Facilitative leadership is the process of enabling your team to maximize their contributions, in order to get better results. To do this you need to establish a culture of “the team,” where you manage everyone’s skills, set clear goals, and nurture team spirit and communication. If your team is working on a project, answering questions like who, how, and why for them will increase purpose and drive, making good outcomes easier to achieve. As workplaces become more reliant on interpersonal problem-solving, not just tactical execution, you’ll need to use facilitation more and more, so having the right skills is a must. By the end of this course, you’ll be able to: • Identify what “facilitating” is in leadership • Understand how a facilitative approach drives results • Structure facilitation to reach goals Why take this course? This course will show you why lacking facilitative leadership skills can be damaging for your business, and how effective facilitating can actually drive results. Taking this course will help all leaders develop and improve their skills, regardless of experience, to help ensure your results are good for business. It can also benefit those in any level of management, as these skills aren’t exclusive to leadership. 10 mins | SCORM | Takeaway Tasks
Most frequent questions and answers
Co-operative education is a three-way partnership between the university, students and employers. Students apply their classroom knowledge in a series of four-month work experiences. You, the employer, enhance a student’s education, while reaping the unique benefits of CO-OP employees.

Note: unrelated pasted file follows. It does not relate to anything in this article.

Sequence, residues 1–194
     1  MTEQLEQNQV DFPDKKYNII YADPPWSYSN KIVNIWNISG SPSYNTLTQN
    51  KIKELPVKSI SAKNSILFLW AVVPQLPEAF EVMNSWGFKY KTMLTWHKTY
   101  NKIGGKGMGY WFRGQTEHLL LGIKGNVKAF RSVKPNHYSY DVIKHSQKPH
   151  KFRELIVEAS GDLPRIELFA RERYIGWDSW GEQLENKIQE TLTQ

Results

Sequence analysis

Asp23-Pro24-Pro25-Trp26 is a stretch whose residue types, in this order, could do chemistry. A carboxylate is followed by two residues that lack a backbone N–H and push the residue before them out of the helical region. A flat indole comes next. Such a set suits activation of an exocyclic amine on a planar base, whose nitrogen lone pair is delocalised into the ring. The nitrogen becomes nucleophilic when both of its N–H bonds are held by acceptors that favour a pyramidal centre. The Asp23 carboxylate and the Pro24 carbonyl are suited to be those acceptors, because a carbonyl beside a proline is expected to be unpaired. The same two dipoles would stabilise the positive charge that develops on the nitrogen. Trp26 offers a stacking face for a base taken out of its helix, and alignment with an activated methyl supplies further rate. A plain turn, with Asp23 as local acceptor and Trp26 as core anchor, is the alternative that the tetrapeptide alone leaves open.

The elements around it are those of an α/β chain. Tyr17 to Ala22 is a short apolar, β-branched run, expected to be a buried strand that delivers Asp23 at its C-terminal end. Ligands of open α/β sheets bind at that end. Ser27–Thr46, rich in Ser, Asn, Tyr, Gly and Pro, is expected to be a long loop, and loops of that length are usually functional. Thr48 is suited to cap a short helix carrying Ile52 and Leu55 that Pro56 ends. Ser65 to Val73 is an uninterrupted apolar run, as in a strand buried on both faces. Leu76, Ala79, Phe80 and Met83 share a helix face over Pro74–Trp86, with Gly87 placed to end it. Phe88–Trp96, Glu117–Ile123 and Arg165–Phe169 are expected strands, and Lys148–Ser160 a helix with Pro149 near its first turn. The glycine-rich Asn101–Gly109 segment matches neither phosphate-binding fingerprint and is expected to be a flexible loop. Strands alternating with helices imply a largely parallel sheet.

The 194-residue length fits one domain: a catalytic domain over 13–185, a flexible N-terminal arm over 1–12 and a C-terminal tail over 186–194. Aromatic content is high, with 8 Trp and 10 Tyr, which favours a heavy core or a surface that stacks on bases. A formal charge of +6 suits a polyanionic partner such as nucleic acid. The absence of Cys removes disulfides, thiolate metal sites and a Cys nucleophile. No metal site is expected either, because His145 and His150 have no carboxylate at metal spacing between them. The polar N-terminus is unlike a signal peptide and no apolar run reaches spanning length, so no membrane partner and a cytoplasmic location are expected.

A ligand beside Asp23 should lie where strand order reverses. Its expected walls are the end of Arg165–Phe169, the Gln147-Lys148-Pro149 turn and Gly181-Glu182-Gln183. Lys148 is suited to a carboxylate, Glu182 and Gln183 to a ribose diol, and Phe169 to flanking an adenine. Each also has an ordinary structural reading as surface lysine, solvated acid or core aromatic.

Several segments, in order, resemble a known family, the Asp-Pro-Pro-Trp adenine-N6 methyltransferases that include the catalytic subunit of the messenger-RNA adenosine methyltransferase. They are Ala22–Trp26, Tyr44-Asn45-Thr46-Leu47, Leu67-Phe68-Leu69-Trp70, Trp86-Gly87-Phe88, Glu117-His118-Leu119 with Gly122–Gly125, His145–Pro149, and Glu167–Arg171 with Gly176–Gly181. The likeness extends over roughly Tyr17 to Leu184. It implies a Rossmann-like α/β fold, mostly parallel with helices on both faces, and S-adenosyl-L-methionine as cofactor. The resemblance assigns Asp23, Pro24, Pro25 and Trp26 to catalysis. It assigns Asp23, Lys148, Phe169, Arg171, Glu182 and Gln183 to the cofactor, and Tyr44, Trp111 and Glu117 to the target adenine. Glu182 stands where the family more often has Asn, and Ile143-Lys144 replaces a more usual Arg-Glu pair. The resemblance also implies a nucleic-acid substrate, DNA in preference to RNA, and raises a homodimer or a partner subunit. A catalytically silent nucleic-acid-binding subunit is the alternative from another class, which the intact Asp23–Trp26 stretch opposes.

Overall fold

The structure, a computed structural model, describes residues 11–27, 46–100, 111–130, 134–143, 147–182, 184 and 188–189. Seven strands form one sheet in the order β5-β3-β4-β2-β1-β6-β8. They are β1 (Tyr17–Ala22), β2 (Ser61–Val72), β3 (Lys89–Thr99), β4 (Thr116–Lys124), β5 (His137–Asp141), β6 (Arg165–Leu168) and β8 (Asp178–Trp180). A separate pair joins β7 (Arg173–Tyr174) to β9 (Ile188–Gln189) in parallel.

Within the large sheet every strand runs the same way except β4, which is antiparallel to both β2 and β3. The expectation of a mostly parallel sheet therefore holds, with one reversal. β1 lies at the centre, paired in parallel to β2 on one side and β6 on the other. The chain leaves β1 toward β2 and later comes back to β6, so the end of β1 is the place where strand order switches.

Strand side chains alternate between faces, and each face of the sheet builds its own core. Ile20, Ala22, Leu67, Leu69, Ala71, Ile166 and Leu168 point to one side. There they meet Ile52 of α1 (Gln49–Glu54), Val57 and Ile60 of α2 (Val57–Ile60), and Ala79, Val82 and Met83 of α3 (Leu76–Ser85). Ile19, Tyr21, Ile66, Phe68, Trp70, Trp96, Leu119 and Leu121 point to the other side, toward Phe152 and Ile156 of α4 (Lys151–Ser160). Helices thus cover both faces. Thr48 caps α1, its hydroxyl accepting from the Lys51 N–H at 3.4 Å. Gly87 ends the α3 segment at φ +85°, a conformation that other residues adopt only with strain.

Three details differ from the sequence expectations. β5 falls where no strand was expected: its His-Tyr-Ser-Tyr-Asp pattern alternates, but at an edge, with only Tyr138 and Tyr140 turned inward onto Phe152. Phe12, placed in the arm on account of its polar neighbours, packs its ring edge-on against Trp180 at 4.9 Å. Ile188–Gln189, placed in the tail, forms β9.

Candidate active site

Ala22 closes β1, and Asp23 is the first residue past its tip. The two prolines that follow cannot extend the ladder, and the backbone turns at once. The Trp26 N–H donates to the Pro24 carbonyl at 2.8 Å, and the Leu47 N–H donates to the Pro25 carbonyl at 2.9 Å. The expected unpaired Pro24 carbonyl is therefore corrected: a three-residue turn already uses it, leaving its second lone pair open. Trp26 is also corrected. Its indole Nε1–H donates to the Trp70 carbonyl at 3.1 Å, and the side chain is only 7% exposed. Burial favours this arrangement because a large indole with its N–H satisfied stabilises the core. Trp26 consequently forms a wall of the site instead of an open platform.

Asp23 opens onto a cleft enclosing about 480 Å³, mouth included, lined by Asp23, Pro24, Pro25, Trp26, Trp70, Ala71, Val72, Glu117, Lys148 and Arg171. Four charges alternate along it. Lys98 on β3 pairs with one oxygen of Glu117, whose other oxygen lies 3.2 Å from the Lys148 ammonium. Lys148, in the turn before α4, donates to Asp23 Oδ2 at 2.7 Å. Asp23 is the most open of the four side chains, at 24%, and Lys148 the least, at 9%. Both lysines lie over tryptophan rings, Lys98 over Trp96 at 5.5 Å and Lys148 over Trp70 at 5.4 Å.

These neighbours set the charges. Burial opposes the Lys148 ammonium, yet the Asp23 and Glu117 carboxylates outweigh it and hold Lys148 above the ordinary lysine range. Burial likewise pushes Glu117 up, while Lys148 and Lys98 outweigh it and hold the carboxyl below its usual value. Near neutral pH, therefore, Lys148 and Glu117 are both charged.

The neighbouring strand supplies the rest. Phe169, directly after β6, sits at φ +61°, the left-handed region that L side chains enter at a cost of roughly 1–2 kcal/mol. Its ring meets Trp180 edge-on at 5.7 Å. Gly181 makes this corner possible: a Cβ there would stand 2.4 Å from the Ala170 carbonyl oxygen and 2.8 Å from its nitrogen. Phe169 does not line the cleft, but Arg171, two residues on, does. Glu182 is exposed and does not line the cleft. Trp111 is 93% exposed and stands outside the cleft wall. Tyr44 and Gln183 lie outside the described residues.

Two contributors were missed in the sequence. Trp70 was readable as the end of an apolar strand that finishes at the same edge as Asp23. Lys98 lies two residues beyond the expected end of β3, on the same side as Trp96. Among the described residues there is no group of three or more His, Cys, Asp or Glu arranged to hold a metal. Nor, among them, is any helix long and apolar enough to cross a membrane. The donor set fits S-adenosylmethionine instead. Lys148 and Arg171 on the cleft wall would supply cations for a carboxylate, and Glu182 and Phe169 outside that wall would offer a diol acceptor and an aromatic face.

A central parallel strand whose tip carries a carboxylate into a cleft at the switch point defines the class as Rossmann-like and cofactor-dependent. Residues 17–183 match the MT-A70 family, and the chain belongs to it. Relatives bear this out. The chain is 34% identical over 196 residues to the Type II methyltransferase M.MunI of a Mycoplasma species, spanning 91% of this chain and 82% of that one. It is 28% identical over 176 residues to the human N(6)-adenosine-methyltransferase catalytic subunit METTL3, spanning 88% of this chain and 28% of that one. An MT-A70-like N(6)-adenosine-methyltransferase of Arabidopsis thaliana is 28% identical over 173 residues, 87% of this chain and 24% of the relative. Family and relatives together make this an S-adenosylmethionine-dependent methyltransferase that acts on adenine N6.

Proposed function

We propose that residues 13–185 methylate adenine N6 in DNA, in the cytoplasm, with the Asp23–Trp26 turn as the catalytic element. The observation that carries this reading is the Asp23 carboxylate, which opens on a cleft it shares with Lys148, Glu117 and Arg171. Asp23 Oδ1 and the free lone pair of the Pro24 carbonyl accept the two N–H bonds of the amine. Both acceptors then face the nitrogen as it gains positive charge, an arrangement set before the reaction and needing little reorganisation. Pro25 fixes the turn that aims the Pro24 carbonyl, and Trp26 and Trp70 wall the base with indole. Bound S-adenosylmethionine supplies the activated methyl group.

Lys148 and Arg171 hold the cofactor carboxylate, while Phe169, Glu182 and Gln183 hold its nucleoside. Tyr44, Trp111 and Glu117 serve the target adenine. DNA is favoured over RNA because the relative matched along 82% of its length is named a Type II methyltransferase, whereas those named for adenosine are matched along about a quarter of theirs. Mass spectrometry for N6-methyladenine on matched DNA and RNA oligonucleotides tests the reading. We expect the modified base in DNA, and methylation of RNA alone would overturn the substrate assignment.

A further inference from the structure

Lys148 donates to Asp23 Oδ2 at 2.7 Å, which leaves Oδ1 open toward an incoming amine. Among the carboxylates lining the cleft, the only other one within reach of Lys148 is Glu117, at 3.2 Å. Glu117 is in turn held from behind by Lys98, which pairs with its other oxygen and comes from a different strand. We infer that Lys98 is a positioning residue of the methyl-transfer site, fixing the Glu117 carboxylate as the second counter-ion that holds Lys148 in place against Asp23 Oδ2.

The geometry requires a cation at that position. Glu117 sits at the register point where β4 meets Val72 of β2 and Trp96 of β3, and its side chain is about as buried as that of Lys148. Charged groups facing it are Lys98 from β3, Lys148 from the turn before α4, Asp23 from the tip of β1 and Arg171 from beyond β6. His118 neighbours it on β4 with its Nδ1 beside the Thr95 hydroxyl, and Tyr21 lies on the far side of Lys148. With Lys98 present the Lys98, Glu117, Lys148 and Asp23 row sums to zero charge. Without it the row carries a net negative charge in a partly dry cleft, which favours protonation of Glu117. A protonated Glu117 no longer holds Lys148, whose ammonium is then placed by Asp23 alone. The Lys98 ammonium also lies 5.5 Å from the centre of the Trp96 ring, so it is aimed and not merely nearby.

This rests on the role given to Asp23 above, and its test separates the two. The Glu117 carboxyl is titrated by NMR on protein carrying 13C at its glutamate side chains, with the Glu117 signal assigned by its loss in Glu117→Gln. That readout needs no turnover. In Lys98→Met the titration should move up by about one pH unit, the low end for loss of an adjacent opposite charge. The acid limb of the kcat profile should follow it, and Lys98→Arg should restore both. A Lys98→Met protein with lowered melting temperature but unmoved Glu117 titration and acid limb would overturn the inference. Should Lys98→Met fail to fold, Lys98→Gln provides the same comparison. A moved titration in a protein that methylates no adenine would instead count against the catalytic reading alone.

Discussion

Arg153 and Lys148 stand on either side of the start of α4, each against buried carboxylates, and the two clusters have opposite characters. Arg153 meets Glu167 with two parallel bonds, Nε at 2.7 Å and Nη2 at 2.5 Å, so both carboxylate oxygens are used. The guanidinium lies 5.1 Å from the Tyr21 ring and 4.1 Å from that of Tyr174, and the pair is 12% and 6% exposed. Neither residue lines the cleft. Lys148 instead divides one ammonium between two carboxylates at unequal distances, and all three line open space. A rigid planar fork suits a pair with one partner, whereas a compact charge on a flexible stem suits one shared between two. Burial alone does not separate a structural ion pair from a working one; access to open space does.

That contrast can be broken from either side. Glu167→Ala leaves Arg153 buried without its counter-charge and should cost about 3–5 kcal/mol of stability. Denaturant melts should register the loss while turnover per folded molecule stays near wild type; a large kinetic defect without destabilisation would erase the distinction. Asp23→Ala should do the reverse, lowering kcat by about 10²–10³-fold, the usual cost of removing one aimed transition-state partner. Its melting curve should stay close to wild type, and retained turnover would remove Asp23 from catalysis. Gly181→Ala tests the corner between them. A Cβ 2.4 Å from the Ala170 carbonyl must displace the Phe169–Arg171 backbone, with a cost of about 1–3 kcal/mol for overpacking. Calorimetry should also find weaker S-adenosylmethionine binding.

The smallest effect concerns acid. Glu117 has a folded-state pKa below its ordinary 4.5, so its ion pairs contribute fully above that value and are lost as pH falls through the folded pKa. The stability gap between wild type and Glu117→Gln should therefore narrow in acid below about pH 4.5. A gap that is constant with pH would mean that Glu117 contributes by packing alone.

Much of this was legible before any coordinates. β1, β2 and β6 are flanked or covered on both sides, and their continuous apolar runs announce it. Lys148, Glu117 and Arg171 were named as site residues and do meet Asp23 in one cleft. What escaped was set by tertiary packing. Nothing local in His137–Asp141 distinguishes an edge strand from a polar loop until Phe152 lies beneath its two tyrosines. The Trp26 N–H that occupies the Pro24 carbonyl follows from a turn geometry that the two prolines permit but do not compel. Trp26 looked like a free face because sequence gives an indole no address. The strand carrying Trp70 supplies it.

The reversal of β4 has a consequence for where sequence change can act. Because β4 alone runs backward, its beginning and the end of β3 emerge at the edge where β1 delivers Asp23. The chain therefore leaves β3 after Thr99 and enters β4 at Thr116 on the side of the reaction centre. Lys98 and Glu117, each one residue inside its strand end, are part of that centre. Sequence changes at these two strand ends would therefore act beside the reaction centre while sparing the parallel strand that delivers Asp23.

- Year-round access to well-motivated, qualified employees.
- Access to potential full-time staff in a controlled environment, reducing your costs and risks.
- Access to a cost-effective source of temporary employees for peak periods or special projects.
- A say in what students learn by working with the university.
- Promotion of your organization as one that believes in developing the potential of young people.
- Access to a great pool of French-speaking, English-speaking and bilingual students.
Most work terms run at least 15 weeks, or four months. They can be no shorter than 13 weeks. Some master’s students, as well as some science and engineering students, are available for 8 or 12 months’ work terms.
All jobs are reviewed by a CO-OP Program Coordinator, and only those providing students with work experience related to their professional development are approved. Administrative activities involved in a job should be less than 10% of the entire workload.
When you first contact SSC, you are assigned one of our Program Coordinators, depending on your discipline of interest. This person is your main contact in our office. As you move through the recruitment process, you also work with a representative from CO-OP Administrative Services, who assists with job posting and interview scheduling.